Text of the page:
Skip To Content | Contact Us | About AASB | Links

AASB on Twitter AASB on LinkedIn

Breadcrumbs

Stuff

Media releases

16 May. 2017

A roadmap for tax transparency: new guidance promotes clarity and consistency for tax disclosures

Australian stakeholders (and international investors) wanting to see clearer and more consistent and comparable tax reporting this financial year will benefit from new guidance from the Australian Accounting Standards Board (AASB) on how to implement the Board of Taxation’s Voluntary Tax Transparency Code (the Code).   

The AASB's draft guidance promotes consistency and comparability of key information about entities' tax positions, in particular, their effective tax rate (ETR) relative to the corporate tax rate. Effective tax rates are the amount of tax incurred as a proportion of profit before tax. The guidance aims to help entities communicate their tax information in a way that is consistent with evolving international disclosure practices and ASIC’s requirements regarding non-GAAP information. The Code also aims to improve comparisons between companies in relation to the tax information reported.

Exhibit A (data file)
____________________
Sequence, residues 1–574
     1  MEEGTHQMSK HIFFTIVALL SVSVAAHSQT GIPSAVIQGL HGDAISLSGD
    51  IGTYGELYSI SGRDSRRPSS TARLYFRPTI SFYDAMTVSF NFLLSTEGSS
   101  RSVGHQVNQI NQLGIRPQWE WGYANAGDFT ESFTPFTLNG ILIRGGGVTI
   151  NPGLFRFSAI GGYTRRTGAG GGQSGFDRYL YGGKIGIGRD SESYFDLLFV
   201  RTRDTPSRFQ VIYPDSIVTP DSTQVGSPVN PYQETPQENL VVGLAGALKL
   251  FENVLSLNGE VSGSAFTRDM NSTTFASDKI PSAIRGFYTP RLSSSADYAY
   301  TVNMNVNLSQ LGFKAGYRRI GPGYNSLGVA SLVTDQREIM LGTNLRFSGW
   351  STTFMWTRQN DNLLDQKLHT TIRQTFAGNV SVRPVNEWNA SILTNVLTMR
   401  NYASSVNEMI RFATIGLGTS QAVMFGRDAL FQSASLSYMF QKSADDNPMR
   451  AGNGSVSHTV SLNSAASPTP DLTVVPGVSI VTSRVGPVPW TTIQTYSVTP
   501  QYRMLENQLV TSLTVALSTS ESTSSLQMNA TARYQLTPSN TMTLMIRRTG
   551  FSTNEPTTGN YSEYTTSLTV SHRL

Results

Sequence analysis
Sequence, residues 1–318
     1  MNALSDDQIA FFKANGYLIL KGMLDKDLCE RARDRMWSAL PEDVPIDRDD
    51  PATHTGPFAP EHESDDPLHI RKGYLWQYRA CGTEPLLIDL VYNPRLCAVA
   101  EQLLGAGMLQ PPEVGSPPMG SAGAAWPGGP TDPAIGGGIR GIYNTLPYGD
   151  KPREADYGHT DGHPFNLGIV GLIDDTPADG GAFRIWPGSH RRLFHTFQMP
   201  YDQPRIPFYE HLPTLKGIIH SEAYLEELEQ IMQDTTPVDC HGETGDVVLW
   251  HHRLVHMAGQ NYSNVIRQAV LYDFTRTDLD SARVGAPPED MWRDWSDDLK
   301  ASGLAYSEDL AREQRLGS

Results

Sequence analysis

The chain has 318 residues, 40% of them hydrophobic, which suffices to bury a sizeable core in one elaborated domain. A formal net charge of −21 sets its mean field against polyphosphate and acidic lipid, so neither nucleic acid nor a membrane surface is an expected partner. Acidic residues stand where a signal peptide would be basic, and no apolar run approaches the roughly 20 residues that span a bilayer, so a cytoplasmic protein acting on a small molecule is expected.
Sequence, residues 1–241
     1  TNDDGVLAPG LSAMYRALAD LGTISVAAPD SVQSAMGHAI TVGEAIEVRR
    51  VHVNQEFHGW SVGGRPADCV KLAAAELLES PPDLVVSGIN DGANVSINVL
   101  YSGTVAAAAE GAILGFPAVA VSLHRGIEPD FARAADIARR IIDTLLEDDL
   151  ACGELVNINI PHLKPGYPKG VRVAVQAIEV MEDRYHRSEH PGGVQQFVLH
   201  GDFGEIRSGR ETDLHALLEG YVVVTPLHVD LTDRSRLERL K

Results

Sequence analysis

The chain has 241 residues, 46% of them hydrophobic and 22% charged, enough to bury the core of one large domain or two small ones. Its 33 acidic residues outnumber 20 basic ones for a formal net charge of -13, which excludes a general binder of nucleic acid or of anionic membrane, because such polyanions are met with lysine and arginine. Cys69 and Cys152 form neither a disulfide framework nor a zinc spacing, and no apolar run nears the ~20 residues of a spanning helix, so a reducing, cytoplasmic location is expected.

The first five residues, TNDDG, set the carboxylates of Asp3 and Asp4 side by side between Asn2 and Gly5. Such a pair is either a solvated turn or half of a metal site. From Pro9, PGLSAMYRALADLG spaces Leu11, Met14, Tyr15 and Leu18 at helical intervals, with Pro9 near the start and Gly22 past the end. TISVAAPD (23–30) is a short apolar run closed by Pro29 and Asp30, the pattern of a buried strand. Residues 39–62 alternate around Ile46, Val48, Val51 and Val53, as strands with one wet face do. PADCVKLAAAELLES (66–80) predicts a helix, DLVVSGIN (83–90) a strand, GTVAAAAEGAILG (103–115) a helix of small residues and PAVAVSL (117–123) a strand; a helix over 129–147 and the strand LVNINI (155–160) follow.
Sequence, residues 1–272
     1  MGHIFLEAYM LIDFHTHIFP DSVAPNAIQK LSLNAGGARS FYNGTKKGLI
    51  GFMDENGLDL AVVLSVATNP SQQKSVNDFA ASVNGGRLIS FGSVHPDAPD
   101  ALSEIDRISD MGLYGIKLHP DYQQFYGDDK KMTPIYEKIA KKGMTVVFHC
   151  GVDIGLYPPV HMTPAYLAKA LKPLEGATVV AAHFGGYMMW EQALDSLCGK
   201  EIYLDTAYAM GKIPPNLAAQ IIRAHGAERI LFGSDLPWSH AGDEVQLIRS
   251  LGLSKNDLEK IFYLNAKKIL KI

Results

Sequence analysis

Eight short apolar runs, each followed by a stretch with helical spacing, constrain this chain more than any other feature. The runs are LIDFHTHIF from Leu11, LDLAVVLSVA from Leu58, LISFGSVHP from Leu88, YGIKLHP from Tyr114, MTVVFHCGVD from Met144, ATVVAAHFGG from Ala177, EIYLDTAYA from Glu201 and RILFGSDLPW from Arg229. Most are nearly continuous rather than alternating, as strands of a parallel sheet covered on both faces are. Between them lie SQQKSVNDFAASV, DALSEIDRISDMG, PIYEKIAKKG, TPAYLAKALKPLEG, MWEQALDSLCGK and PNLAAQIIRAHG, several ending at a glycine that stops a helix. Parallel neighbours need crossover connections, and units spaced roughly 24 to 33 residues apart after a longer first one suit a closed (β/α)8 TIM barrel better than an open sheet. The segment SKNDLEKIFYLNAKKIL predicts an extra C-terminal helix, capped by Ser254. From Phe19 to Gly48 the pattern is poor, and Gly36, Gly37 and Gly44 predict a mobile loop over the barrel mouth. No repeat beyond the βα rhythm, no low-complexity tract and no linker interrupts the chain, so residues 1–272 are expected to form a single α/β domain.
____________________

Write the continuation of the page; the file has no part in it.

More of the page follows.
Chair of the Board of Taxation, Michael Andrew AO said, “The aim of the Code is to increase transparency around tax and to help educate the public about compliance with tax laws. But tax is a complex subject that can be difficult for companies to explain in a way that is accessible to the readers of their reports, and there is potential for inconsistency in some key areas.” 

Kris Peach, Chair of the AASB said, “This guidance helps to establish some common approaches, makes it easier for preparers to pull the report together, and easier for readers to understand and compare information.”

Explaining tax and the financial statements

The Code requires disclosure of an ETR based on corporate tax only, to enable comparison to the company tax rate. The guidance sets out the necessary disclosures to ensure interested parties can better understand the differences, if any, between the ETR under the Code and the accounting ETR prepared in accordance with accounting standards.

The guidance also sets out how companies can improve their disclosures by reconciling their accounting profit to income tax expense and their income tax expense to income tax paid or payable, including any material temporary and non-temporary differences. 

Ms Peach said, “While there are good reasons the numbers in financial statements and tax transparency reports are not the same, this often causes confusion for the reader and can be a difficult area to explain. The AASB has set out some principles and examples to help companies better communicate their tax positions and practices to stakeholders.”

The guide has been published in draft to allow companies to test in the upcoming reporting season and can be found on the Board of Taxation and AASB websites.